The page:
In Ontario Canada, researchers found that physicians are over-prescribing narcotic pain killers. Ontario drug researchers are linking this six year investigation to the reason for an increase addiction and deaths caused by prescription drugs in their region. Efforts are in the works trying to curb addiction and monitor those that are being prescribed the narcotics.

Will Ontario become a smuggler’s paradise? Will it feed the lower 48 states with Oxy and other drugs once Florida gets its act together and handles the prescription drug epidemic there?

The province’s public drug plan for Canadians in Ontario covers prescription narcotic pain killers. Research done by Ontario Drug Policy Research Network discovered that the plan was exceeding the amount of doses set out in Canadian clinical guidelines. Tara Gomes who is the project leader and epidemiologist for the Ontario Drug Policy Research Network, published on Tuesday in the journal of Open Medicine that prescription rates for all opioids rose 16.2% between 2003 through 2008.

The Ontario Drug Policy Research Network did a study between 2003 through 2008. They looked at prescriptions of patients that were between the ages of 15 and 64. These patients were all prescribed high doses of OxyContin and morphine to help relieve the pain of a recovering surgery or back injury. The problem is that these prescriptions at such a high dosage can become addicting even after there ailment, and fatal.

The study also showed that by 2008 about one out of every three patients was prescribed Oxycodone.  This long-acting pain relieving opioid, OxyContin increased sales by 52% between 2003 through 2009. Patients were receiving an extremely high dosage according to the Canadian clinical guidelines. Oxycodone is about 1.5 to 2 times more potent than morphine and 10 to 20 times more potent than codeine. A 2009 research revealed the number of publicly funded prescriptions for OxyContin had tripled from 2003 through 2008.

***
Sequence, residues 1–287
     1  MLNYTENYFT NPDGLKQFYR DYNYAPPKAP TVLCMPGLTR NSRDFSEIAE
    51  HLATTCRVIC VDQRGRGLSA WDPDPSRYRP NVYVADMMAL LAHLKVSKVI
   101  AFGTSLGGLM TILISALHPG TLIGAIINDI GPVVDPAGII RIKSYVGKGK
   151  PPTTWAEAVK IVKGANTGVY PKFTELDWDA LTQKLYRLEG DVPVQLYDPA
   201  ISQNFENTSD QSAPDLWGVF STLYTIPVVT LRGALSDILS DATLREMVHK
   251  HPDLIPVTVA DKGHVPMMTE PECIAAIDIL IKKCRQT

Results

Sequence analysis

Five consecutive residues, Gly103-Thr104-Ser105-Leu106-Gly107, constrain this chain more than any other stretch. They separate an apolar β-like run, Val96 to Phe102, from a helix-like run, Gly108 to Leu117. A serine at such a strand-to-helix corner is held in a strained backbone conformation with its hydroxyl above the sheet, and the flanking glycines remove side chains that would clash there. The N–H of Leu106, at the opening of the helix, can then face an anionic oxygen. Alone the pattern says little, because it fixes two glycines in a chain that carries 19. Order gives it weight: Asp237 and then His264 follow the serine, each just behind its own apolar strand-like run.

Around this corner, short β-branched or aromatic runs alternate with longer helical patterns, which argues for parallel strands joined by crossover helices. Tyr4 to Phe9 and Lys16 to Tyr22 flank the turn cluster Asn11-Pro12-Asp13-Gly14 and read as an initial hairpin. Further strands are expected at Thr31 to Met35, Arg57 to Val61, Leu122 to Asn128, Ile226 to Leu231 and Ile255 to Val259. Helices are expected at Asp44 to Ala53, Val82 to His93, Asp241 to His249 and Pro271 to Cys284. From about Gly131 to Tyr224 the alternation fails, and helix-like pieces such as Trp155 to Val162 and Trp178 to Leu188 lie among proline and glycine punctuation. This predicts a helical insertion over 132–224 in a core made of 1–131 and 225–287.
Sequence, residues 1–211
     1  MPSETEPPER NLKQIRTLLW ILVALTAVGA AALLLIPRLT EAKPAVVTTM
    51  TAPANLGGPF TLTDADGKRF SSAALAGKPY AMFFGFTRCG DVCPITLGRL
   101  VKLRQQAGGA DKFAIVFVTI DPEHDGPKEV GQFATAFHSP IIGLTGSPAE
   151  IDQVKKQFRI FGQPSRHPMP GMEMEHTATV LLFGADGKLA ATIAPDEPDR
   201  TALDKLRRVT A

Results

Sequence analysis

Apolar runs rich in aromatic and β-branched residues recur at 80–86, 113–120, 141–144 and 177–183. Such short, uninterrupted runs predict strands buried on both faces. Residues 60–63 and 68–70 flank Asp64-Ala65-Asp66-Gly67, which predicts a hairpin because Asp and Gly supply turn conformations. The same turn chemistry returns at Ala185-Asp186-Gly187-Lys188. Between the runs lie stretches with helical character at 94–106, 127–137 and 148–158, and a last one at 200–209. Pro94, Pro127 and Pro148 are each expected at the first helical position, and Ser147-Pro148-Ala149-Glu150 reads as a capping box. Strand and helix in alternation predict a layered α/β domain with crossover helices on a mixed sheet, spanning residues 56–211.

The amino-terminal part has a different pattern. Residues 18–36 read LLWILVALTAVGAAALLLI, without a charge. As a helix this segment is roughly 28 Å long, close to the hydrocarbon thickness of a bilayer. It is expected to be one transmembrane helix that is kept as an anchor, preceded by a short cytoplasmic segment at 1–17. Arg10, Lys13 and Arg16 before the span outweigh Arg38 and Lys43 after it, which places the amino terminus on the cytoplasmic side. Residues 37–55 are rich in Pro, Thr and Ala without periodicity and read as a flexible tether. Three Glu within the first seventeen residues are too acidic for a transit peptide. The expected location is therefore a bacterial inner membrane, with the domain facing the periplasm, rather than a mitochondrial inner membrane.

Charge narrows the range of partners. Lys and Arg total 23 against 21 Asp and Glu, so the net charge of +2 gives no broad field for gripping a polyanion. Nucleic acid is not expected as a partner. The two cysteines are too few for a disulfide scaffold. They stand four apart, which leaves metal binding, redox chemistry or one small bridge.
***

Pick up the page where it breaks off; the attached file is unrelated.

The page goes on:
These patients were divided up into three categories based on the first 90 days of opioid treatment. First you had the category “moderate,” with people in this category receiving an average of 200 mg for oral morphine. Second there was the “high” category, and these patients got an average daily dose of 201mg to 400mg of oral morphine. Then you had the “very high” category, these patients received more than 400mg daily. Or, the patients would receive another type of opioid with the equal potency.

Tara Gomes said that patients that were receiving the high dosage of narcotics were dying about 10 times more often then the general public. Researchers looked at the death records associated with opioid overdose. They found that the patients had a two year mortality rate of about 42 per 1,000 populations.  Among patients prescribed these high doses of opioids in 2004, 19% of deaths within the next two years were medication related. Research found that most of the deaths happened at around the age of 42, this is a very young age to die.

The office of the Chief Coroner for Ontario classified 302 deaths that were opioid related and confirmed the 45 of those deaths were suicide. Tara Gomes thinks that there are a number of factors that are involved in the increase of opioid prescription. She believes that physicians are becoming more comfortable with prescribing the medication. When the doctors do not properly understand the risk of the drug they are prescribing. There is also a heavy demand in marketing from the pharmaceutical companies to push these narcotics. But Gomes’s main concern is patients who shop around for multiple prescriptions, or a practice known as Multi-doctoring.

In November of 2009, Ontario passed a legislation to diminish prescription drug abuse. Ontario is working on a network of electronic records to show the history of the patients that are getting the prescription drugs. Allowing physicians to see the other doctors and pharmacies the patient has seen for painkillers. This allows them to monitor under public and private drug plans. The network is supposed to be fully functioning later this year.

– Cesar Villalobos